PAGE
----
In 1969, Doug Cook built his barbecue stand by hand, in a cul-de-sac plot down the road from home. There wasn’t much to Cook’s Barbecue at first: a pit/kitchen, a wooden chopping block, and drive-up window. When customers wanted a place to sit and eat their chopped barbecue plates, Doug Cook felled trees from the surrounding oak grove, and built himself a dining room.
Brandon Cook and Cook’s Barbecue were born just one year apart. Friends and family jokingly tell the younger Cook that he was born in his father Doug’s barbecue pits. He remembers crawling in the fireplace as a child, flirting with the waitresses as a teenager, and eventually, under the elder Cook’s tutelage, learning how to tend the pits, shovel-sling the cherry-red hickory coals, and slow smoke the Lexington-style shoulders.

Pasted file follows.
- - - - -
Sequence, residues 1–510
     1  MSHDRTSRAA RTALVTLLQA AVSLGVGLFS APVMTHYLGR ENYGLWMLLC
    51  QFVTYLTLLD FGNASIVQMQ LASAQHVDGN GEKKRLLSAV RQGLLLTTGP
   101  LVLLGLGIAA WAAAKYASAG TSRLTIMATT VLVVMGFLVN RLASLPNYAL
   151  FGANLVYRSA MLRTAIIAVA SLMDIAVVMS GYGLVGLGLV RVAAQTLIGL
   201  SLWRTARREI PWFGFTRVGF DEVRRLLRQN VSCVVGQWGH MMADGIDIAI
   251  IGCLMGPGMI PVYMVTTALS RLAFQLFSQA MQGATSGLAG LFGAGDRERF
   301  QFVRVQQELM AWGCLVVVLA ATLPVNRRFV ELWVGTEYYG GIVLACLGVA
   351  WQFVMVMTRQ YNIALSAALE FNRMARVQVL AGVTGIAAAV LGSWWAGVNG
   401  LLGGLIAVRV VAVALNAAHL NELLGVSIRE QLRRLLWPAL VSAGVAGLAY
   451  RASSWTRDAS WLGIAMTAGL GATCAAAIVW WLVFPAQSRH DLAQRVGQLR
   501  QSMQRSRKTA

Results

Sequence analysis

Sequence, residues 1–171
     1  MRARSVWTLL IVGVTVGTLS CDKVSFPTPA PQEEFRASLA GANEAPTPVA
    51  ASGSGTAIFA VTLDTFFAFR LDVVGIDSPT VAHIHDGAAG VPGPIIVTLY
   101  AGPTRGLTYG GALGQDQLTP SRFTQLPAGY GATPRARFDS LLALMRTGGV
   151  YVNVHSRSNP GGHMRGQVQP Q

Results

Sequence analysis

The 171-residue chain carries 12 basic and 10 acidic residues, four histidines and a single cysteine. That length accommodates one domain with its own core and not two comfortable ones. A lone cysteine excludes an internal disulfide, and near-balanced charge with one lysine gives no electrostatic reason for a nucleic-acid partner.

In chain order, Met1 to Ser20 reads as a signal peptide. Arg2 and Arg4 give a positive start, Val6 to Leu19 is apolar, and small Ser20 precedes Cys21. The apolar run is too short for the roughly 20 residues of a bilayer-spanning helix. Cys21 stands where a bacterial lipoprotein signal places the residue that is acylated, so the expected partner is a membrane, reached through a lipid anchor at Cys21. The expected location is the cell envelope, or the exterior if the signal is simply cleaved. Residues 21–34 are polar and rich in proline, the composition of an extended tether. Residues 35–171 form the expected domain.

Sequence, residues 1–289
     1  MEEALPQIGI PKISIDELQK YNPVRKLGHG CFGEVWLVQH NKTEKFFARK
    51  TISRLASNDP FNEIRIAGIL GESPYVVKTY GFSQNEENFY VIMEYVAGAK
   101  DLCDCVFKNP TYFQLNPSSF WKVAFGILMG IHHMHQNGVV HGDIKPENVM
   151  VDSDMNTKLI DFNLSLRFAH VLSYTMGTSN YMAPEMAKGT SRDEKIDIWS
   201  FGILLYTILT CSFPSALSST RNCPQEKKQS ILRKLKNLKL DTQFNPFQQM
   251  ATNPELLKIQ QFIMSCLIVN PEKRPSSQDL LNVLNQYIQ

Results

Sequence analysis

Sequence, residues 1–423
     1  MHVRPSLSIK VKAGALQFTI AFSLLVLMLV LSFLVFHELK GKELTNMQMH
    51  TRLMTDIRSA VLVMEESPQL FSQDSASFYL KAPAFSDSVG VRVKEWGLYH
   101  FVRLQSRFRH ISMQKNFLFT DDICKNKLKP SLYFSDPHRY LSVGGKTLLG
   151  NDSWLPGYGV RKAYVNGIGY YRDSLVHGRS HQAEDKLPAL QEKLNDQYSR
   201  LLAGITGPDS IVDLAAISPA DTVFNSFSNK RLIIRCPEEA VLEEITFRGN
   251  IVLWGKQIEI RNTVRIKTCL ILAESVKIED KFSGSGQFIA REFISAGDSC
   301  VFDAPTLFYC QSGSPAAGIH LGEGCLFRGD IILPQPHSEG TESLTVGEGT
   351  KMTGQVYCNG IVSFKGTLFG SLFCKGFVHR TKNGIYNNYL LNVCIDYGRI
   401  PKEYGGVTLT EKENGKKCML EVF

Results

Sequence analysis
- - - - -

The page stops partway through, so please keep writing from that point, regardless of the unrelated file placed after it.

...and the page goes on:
For years, Brandon Cook avoided Cook’s; he viewed the future of barbecue—not just the business but the art form—with skepticism. In 2001, he returned to his family’s restaurant, inheriting the role of pitmaster. Fitting for a man born in a pit.